Legal settlements can be a complicated consideration for taxpayers. They are often reported on a 1099 tax form and are also often taxable, but not always. There are some basic things to understand about legal settlements and taxes.
Can Settlements Be Taxed?
The IRS has outlined specific rules and exceptions to judging whether a settlement is taxable. There are some basic guidelines regarding how a settlement should be treated for tax purposes. It will depend on whether the settlement is for physical or related non-physical injuries, or even whether it is for punitive damages.
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Punitive damages are usually taxable, with the exclusion of awards for wrongful death. Physical injury settlements, including lost wages due to injury, can be excluded from taxation. Non-physical injuries may be included as income that is not subject to employment tax. This is why many times settlements will arrive on different documents, such as the 1099-MISC or W-2.
Settlements that are indicated on a W-2 are subject to employment taxes such as FICA for Social Security and Medicare. If a settlement is for lost profits, it is subject to the self-employment tax rate. Property settlements are often not taxable but may be subject to capital gains.
Read More: Do I Have to Pay Taxes on an Insurance Settlement?
What Is a 1099?
1099s are a series of tax forms that are used to record various types of payments. Legal settlements over $600 are often issued on the 1099-MISC with the amount indicated in box 3. If a 1099 has been issued for a settlement, there is a solid chance it is taxable.
Settlements including wages can also be issued on a W-2 form. Often, a W-2 will indicate taxes paid to the federal government in box 2. The 1099 will more rarely include withholdings for federal taxes.
Box 3 on the 1099-MISC is for "other income," not to be confused with employee, non-employee compensation or royalties. Income reflected in box 3 of the 1099-MISC can also be from prize winnings or awards. This distinction is important because it means that income in box 3 of a 1099-MISC can go directly on Schedule 1 to be taxed at your ordinary tax rate.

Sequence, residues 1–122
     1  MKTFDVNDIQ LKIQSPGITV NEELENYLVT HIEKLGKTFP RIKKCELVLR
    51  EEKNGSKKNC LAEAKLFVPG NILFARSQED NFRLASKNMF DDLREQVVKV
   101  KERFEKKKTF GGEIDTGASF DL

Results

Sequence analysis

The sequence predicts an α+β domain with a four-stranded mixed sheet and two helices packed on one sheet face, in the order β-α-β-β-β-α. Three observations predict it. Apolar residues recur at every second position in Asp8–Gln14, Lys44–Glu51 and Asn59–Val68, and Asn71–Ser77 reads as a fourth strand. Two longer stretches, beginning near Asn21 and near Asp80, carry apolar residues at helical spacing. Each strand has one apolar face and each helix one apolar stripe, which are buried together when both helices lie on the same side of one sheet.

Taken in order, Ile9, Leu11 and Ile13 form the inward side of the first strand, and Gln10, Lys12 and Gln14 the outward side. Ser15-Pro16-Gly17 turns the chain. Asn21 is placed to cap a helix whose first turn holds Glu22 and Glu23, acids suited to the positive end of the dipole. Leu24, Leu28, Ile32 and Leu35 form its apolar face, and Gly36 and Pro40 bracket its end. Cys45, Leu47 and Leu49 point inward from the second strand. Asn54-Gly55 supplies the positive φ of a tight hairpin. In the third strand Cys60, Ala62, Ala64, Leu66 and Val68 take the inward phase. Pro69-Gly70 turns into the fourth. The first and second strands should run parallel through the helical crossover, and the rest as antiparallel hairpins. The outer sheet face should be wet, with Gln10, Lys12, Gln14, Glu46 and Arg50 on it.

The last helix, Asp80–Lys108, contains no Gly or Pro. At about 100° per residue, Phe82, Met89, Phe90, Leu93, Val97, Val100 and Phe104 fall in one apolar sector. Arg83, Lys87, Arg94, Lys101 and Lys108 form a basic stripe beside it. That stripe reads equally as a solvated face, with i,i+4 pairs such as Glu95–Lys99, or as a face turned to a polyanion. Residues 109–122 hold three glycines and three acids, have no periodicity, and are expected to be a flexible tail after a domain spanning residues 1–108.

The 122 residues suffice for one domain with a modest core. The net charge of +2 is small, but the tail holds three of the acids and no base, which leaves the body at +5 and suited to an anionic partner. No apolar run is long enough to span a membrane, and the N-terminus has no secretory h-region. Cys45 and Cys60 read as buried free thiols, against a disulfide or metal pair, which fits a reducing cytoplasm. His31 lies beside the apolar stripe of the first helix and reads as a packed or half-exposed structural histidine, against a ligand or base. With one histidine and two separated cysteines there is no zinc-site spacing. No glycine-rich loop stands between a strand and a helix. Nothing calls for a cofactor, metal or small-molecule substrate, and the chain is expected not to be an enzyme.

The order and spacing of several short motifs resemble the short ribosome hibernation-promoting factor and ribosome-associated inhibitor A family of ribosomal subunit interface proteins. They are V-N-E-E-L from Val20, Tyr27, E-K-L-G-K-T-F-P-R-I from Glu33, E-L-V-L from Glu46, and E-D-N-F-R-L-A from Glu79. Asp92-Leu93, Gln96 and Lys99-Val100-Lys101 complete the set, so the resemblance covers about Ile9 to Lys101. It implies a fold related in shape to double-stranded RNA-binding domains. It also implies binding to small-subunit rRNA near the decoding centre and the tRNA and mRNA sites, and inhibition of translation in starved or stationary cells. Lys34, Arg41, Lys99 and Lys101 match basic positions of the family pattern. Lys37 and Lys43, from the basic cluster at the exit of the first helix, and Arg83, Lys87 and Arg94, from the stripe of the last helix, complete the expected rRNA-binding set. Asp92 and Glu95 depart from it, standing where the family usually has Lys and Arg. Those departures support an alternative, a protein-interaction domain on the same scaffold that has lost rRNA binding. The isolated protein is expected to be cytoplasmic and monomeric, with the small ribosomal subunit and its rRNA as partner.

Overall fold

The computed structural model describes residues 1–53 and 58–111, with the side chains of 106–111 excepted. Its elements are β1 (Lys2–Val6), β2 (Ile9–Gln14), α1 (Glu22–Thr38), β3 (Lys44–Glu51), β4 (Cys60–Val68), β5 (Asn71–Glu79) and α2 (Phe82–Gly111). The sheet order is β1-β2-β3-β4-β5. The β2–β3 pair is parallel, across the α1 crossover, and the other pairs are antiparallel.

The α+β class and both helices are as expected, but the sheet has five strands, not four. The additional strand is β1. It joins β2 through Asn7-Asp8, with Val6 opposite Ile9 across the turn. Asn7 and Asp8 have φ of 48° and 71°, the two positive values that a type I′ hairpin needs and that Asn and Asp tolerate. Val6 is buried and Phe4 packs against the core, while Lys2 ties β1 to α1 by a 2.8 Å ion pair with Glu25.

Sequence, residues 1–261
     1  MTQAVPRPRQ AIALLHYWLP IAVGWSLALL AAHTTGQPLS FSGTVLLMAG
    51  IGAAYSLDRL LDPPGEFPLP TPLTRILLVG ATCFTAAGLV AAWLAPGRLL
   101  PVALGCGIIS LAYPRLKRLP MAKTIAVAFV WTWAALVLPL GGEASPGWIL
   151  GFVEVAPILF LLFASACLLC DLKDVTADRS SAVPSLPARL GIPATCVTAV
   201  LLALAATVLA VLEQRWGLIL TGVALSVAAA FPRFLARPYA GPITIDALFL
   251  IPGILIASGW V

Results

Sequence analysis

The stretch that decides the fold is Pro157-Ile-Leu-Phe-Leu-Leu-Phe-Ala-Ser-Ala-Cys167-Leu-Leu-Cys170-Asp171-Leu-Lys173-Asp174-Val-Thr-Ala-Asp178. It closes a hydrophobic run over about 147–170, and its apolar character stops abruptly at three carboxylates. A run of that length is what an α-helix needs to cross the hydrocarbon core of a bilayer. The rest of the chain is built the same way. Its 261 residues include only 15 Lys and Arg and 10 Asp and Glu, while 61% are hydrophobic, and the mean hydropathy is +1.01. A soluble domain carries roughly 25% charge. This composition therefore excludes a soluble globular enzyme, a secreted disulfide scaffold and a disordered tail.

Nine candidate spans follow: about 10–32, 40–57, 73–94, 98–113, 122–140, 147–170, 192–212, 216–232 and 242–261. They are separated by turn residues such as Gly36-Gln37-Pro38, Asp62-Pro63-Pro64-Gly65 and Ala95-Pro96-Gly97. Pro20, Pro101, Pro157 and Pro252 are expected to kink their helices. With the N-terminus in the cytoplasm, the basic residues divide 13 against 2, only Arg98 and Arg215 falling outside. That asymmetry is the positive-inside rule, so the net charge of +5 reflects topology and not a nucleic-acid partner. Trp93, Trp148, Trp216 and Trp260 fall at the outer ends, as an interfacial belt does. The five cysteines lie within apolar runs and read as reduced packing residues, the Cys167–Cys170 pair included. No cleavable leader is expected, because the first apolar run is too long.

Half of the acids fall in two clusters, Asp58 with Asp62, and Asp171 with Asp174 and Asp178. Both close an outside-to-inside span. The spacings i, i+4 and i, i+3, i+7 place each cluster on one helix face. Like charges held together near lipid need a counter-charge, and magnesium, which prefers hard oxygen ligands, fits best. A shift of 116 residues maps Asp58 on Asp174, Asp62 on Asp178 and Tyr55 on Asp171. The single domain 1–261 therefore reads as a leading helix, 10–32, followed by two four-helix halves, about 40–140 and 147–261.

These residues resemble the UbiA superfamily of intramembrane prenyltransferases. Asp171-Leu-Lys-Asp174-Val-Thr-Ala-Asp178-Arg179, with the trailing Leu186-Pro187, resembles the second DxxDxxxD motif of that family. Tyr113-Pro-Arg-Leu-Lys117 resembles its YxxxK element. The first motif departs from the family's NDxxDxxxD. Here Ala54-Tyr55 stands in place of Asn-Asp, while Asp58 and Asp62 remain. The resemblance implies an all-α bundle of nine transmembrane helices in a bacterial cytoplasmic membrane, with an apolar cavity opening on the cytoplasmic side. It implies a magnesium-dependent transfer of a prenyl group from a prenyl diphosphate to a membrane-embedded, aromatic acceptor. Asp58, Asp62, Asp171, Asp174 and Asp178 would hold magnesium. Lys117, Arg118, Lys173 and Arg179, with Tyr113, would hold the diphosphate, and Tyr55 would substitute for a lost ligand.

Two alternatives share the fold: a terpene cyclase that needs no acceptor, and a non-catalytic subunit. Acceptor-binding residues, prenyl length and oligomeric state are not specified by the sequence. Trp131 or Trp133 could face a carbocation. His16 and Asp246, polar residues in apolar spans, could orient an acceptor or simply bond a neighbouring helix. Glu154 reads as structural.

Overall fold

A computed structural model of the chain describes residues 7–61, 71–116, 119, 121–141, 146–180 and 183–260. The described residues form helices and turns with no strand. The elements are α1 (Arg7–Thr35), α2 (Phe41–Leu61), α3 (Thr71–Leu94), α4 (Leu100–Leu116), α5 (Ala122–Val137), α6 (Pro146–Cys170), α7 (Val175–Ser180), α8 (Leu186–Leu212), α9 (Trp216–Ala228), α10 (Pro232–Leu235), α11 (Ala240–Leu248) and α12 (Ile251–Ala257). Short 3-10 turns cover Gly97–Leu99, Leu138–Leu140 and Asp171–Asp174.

The IRS no longer allows the indication of non-employee compensation in box 7 of the 1099-MISC since this now goes on 1099-NEC. The benefit here is that there is little chance of settlement awards being indicated in the wrong box. Income from box 7 of the old 1099-MISC would go on the Schedule C to be taxed at the self-employment rate.
How to Treat a Settlement
There are many nuances to navigating the tax implications of a legal settlement. In many instances, a settlement award may increase tax liability resulting in owing money at tax time. Often, taxable settlements on a 1099 will go on Schedule 1 and line 8 of the 1040 tax form.
Under some circumstances, the IRS will allow the deduction of legal fees for some types of legal cases which can help offset taxable income.
Certain discrimination lawsuits will allow for the deduction of legal fees, which is taken on line 24H of Schedule 1. The IRS also allows the deduction of certain legal fees in association with helping the IRS combat tax law violations on line 24I.
There are many misgivings and fallacies about settlement awards, according to the American Bar Association. The IRS is strict about which settlement types are tax exempt.
There is little that can be done about the tax treatment of a settlement. It is advisable to seek the guidance of a tax or legal professional before making any assumptions about whether a settlement is taxable or not.
Read More: How to Tax-Shelter a Large Settlement